Citizens of Turkmenistan went to the polls today for a presidential vote expected to further tighten incumbent strongman Gurbanguly Berdymukhamedov’s hold over the gas-rich Central Asian country. Voting in the country of over five million people began at 0700 local time and will continue until polling stations close at 1900 local time, the central electoral commission confirmed. Berdymukhamedov, 59, faces eight other candidates including subordinate regional officials, the director of a government-owned oil refinery and a representative of the Central Asian country’s state agribusiness complex. But these other men are viewed as token opponents for the former dentist and health minister who rose to power suddenly following the shock death of predecessor Saparmurat Niyazov in 2006.
Watch what else is making news:
“Out of the nine I only know and understand the current president,” Aiperi Tashliyeva, a 48-year-old housewife living in the capital Ashgabat, told AFP. “I do not know on what merits or for what reasons the others became candidates. Therefore, I will vote for Berdymukhamedov,” she said. Recent footage from state television saw Berdymukhamedov in relaxed form during a low key pre-election campaign.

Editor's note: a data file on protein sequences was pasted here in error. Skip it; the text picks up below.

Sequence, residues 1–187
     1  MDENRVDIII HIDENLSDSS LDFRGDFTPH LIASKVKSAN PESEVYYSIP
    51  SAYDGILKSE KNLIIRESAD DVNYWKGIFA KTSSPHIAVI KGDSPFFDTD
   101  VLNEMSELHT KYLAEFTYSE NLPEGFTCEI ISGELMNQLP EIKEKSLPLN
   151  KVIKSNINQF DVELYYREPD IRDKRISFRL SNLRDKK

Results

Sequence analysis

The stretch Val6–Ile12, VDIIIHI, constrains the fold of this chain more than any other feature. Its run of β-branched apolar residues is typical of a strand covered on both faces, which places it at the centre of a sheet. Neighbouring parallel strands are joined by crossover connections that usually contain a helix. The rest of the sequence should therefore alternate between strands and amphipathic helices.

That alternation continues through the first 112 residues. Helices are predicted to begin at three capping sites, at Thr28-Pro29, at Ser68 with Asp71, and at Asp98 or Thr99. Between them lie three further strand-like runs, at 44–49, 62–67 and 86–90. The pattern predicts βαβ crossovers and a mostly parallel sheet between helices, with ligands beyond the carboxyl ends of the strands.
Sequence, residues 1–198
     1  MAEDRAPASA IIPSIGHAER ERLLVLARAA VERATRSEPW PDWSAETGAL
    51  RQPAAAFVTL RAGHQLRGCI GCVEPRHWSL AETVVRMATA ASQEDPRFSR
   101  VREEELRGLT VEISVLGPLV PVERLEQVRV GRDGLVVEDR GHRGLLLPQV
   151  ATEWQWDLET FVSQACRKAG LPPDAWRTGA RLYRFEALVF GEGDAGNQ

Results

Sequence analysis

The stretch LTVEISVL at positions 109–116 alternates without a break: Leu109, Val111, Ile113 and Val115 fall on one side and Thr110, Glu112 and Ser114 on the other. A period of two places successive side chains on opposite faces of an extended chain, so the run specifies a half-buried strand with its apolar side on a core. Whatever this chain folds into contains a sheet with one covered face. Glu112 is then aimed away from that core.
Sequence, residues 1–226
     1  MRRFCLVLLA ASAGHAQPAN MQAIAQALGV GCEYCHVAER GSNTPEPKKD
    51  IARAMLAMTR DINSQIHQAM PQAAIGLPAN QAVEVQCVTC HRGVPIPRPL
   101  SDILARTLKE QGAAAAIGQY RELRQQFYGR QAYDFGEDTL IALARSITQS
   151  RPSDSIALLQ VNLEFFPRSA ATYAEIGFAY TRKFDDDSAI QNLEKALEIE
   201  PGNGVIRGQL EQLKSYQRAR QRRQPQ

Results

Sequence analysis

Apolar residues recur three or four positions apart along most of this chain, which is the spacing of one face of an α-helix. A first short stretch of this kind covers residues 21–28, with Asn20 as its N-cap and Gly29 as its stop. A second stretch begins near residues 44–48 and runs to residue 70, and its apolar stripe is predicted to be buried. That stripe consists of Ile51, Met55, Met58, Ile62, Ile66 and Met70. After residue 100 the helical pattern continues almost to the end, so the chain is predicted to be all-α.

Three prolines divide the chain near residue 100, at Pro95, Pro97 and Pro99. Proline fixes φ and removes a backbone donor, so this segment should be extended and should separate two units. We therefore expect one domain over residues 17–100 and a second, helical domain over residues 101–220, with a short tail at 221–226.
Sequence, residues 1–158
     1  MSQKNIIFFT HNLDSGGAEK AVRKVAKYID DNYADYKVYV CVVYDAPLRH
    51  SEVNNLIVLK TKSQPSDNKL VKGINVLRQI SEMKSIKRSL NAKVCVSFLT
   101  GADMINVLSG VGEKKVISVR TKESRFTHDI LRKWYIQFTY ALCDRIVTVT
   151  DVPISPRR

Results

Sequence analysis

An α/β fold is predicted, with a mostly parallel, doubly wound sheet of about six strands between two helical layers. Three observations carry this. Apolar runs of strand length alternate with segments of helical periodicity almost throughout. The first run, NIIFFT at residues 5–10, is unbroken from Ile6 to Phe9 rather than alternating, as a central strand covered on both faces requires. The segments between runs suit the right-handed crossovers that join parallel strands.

One of his public appearances showed him decked in casual attire as he impressed factory workers by strumming along on the guitar to a song state media claims he wrote himself. The grand pledge at the centre of his campaign is to “ensure the prosperity of independent, neutral Turkmenistan in the third millennium”.
One-sided votes are typical to Central Asia, a Muslim-majority ex-Soviet region politically close to Russia and China, where reigning presidents are typically expected to die in power. The ballot in Turkmenistan comes after Berdymukhamedov signed off on constitutional changes that analysts saw as removing barriers to his lifelong rule.
That fix extended presidential terms from five to seven years and abandoned the upper age limit for candidates. “These regimes have a logic of their own and they very much follow that logic,” said Annette Bohr, an associate fellow of the Russia and Eurasia programme at Chatham House think tank.
If anything, Bohr said, Turkmenistan’s regime is “even more repressive and personalist” than those found in neighbouring Kazakhstan and Uzbekistan. “Berdymukhamedov is predictable in that he will do what he has to do in order to perpetuate that regime,” Bohr told AFP by telephone.